Are Highly Motivated Learners More Likely to Complete a Computer Programming MOOC?

  • Piret Luik University of Tartu
  • Marina Lepp University of Tartu
Keywords: MOOC, motivation, programming, clusters, completion


Computer programming MOOCs attract people who have different motivations. Previous studies have hypothesized that the motivation declared before starting the course can be an important predictor of distinctive dropout rates. The aim of this study was to outline the main motivation clusters of participants in a computer programming MOOC, and to compare how these clusters differed in terms of intention to complete and actual completion rate. The sample consisted of 1,181 respondents to the pre-course questionnaire in the Introduction to Programming MOOC. A validated motivation scale, based on expectancy-value theory and k-means cluster analysis, was used to form the groups. The four identified clusters were named as Opportunity motivated (27.7%), Over-motivated (28.6%), Success motivated (19.6%) and Interest motivated (24.0%). Comparison tests and chi-square test were used to describe the differences among the clusters. There were statistically significant differences among clusters in self-evaluated probability of completion. Also, significant differences emerged among three clusters in terms of percentages of respondents who completed the MOOC. Interestingly, the completion rate was the lowest in the Over-motivated cluster. A statistically significant higher ratio of completers to non-completers was found in the Opportunity motivated, Success motivated, and Interest motivated clusters. Our findings can be useful for MOOC instructors, as a better vision of participants’ motivational profiles at the beginning of the MOOC might help to inform the MOOC design to better support different needs, potentially resulting in lower dropout rates.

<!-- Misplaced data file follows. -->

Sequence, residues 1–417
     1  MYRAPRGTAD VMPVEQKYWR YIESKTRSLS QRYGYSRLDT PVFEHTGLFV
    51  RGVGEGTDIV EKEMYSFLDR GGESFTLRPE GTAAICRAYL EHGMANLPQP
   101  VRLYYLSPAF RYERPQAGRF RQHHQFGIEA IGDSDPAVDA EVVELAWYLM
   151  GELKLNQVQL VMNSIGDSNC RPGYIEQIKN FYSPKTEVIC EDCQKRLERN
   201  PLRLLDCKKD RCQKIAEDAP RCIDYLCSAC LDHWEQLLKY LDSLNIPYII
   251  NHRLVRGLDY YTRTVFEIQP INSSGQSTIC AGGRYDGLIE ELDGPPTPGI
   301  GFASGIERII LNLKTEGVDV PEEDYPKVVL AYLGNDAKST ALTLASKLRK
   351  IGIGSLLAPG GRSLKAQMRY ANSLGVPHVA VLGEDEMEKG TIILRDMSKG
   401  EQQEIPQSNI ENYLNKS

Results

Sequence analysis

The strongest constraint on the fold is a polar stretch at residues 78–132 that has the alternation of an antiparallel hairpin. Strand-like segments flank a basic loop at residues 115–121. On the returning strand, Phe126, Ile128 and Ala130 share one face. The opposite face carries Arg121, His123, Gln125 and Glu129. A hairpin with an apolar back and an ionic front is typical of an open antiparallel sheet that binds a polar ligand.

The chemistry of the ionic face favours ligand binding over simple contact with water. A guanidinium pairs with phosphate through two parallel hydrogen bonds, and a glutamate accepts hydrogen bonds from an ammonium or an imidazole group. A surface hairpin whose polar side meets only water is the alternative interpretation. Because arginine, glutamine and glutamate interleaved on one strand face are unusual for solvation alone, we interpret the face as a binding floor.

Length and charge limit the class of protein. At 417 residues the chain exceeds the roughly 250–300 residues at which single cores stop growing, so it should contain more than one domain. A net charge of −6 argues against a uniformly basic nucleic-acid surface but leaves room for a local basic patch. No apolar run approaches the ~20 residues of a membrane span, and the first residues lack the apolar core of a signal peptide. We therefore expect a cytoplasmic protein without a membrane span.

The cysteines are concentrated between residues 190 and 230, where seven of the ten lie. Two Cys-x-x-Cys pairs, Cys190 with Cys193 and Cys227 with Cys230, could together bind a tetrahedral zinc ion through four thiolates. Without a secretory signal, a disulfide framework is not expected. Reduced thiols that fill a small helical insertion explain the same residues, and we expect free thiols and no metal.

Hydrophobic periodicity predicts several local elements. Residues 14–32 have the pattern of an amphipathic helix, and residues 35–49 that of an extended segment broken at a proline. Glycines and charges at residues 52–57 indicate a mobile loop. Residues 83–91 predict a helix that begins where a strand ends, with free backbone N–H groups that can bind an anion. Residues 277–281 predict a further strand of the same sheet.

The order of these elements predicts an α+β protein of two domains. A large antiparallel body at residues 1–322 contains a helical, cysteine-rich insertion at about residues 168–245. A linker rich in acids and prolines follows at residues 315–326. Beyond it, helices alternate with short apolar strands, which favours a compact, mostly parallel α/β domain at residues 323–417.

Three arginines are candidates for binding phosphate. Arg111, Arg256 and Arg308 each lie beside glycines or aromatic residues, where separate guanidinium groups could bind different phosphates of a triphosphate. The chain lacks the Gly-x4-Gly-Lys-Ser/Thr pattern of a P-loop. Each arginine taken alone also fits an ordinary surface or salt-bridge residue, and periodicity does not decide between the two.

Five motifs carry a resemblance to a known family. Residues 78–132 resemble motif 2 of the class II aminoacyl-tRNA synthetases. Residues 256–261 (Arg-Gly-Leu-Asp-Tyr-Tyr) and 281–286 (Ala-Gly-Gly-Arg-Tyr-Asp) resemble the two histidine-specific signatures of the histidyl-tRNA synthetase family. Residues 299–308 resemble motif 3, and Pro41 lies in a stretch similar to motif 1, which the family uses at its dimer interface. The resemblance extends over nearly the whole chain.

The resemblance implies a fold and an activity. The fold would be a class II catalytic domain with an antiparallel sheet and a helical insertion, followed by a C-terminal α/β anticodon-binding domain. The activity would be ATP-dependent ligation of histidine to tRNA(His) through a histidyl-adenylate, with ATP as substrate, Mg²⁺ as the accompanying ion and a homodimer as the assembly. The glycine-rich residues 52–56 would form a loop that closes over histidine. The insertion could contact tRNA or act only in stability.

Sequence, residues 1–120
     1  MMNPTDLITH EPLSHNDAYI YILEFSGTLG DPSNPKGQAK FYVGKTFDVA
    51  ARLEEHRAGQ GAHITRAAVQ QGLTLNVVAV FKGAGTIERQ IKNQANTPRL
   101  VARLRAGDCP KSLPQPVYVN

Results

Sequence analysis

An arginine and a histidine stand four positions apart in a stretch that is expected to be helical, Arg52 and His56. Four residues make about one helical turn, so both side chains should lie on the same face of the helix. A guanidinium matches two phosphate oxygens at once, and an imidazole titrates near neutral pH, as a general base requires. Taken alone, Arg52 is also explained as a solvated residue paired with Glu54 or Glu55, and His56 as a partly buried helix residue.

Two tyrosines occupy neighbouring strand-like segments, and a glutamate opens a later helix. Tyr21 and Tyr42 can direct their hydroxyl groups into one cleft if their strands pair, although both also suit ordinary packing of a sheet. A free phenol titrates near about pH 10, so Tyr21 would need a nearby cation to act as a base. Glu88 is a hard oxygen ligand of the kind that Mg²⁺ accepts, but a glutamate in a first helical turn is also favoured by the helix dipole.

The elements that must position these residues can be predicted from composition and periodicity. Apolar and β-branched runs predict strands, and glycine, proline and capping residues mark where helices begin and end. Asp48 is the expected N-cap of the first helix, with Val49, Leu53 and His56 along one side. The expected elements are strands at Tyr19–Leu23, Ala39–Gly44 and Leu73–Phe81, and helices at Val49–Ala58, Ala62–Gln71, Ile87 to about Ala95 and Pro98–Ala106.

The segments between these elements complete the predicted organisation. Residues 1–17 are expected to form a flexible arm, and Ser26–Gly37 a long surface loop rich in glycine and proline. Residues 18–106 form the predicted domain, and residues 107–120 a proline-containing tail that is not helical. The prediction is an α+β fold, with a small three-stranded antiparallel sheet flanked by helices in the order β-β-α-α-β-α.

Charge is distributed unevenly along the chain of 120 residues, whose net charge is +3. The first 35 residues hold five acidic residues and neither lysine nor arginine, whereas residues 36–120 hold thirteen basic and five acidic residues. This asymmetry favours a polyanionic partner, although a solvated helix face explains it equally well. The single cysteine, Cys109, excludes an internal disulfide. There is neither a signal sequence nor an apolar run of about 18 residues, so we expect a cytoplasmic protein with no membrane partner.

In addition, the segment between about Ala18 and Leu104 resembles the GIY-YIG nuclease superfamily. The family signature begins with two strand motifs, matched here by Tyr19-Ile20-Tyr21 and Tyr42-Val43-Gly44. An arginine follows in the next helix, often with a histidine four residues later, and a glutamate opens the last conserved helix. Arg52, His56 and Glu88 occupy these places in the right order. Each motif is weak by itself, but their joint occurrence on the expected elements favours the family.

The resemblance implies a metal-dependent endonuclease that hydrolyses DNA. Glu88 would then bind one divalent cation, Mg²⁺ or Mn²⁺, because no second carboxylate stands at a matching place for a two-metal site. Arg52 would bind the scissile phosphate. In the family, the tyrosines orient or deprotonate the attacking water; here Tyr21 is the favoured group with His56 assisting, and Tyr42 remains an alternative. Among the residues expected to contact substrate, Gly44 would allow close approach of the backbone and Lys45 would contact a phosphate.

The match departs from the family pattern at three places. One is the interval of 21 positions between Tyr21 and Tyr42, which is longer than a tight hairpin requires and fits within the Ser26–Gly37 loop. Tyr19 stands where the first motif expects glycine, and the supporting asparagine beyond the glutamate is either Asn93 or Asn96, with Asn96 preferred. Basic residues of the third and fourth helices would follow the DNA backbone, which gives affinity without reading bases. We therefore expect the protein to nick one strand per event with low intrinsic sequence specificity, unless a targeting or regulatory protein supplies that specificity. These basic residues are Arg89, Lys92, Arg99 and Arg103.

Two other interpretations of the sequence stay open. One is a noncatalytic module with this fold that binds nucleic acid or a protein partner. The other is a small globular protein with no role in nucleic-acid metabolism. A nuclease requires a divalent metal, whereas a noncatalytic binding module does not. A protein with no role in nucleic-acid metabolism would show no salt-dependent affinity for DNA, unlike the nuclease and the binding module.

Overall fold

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How to Cite
Luik, P., & Lepp, M. (2021). Are Highly Motivated Learners More Likely to Complete a Computer Programming MOOC?. The International Review of Research in Open and Distributed Learning, 22(1), 41-58.
Research Articles